Wednesday, February 13, 2008

Apologia for the history of medicine

Recently added to the History of Medicine Collection are eight pamphlets written by J.H. Wythe, M.D., (1822-1901) bringing our grand collection total of Wythe works to nine. Wythe, one of the founders of the Willamette University Medical Department, wrote on topics both medical and spiritual, sometimes bringing them together in discussions of mind-body wellness and the scientific bases of revelation.

In 1886, he was invited to address the graduating class at Cooper Medical College (now Stanford University School of Medicine) and took as his topic "Our indebtedness to the past." Since we get a kick out of justifying our daily exertions with references to authors whose works we continue to preserve, I herein share with you some of Wythe's thoughts (emphases added):

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I desire to remind you of our indebtedness to the past, believing that such remembrance will not only keep you steady on your chosen course, and save you from drifting into currents of unscientific speculation, but will also prove a healthy stimulus to continual advancement....

In every department of life the last quarter of a century has brought many additions to our knowledge and comfort. It is hard to think of anything better, so that a sort of apotheosis of the present age has taken place in some minds, which is rather a hindrance that an advantage to them. It is like removing the scaffolding before the work is done. All the progress of the present is founded upon and made possible only by the attainments of former times. We may neglect or despise the past, yet a truthful study of history will prove it to have been full of excellence....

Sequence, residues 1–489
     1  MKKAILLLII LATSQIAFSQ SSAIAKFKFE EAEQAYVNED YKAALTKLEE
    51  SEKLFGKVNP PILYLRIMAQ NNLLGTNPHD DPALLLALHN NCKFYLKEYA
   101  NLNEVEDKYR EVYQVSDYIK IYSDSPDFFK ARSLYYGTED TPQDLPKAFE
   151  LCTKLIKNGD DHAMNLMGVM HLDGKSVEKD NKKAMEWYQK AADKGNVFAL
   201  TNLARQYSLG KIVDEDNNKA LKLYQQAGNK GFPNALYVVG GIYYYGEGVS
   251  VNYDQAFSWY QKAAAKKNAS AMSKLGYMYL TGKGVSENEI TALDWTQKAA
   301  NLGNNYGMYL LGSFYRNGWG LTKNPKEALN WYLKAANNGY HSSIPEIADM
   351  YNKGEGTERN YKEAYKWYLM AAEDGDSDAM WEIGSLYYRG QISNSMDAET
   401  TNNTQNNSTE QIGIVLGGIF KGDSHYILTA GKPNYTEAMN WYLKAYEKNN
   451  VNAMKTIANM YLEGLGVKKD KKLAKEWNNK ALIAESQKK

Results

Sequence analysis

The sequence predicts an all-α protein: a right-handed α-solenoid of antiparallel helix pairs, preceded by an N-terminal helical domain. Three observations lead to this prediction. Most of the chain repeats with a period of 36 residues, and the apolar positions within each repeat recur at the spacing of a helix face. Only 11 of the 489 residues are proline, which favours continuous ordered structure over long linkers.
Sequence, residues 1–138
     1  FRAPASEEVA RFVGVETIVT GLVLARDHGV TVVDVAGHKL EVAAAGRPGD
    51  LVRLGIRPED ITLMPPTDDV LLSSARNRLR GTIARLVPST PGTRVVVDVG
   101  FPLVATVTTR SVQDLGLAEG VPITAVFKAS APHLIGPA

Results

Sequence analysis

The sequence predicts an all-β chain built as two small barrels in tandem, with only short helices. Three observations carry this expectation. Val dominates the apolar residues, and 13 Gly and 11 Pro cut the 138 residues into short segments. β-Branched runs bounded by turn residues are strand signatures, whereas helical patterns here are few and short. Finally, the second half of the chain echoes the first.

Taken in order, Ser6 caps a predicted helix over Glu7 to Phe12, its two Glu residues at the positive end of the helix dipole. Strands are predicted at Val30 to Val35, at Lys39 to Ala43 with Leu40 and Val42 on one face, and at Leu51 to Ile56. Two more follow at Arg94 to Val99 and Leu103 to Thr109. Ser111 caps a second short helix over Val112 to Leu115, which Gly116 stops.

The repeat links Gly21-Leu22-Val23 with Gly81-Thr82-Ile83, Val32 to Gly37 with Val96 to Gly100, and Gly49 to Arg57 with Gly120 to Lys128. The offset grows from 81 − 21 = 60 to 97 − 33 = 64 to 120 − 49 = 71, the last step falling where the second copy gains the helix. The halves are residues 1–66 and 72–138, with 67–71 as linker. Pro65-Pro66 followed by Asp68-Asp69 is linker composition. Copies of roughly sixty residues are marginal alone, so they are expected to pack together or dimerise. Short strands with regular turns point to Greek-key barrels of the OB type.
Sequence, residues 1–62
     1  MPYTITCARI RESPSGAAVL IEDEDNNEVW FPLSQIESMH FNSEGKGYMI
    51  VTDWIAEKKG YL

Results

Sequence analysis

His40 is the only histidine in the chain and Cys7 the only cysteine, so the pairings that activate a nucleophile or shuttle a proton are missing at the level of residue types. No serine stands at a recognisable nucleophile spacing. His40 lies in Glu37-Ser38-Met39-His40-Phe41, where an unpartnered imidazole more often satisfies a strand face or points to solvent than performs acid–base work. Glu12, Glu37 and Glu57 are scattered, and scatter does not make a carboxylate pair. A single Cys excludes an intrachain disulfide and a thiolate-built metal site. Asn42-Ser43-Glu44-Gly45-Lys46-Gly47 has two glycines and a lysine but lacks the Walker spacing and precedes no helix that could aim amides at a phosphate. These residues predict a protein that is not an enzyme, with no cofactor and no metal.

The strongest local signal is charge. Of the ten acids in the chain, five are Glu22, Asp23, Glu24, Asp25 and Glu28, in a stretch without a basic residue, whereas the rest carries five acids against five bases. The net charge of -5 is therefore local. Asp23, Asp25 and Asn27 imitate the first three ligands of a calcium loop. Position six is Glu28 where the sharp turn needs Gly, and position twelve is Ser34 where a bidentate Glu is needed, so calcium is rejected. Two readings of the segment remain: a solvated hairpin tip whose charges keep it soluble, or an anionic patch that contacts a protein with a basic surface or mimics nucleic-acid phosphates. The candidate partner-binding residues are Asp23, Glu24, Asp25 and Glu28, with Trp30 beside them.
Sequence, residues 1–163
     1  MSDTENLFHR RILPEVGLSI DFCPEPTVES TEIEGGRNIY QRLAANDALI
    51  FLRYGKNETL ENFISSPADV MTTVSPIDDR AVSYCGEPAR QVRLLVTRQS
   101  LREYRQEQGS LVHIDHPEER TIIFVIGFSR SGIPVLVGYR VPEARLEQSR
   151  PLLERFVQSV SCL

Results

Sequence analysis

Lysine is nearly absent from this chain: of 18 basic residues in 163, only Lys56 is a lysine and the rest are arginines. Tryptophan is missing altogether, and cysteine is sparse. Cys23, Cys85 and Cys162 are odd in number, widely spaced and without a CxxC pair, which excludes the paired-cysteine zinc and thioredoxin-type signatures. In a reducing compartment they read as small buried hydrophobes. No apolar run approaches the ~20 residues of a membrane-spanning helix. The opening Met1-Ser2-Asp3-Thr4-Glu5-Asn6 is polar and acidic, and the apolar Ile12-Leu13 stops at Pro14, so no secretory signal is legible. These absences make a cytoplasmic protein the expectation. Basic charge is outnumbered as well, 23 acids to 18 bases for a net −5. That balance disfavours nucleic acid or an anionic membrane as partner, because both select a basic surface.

Medical knowledge ... [is] a river which is fed by numerous rills. It is also a treasure which is committed to its graduates for use and increase. It is no solitary conception, nor exclusive dogma, starting from the genius of a single mind, and carried out more or less faithfully by its followers. It is truth respecting the body and mind of man....

All history shows, however, that those who forsake the traditions and spurn the labors of the past are always ready to follow some ignis fatuus over the quagmire of uncertain speculation....

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Beware the ignis fatuus! For more information on the man behind the words, see Olof Larsell's short biography Joseph Henry Wythe, 1822-1901 available in the PNW Archives.

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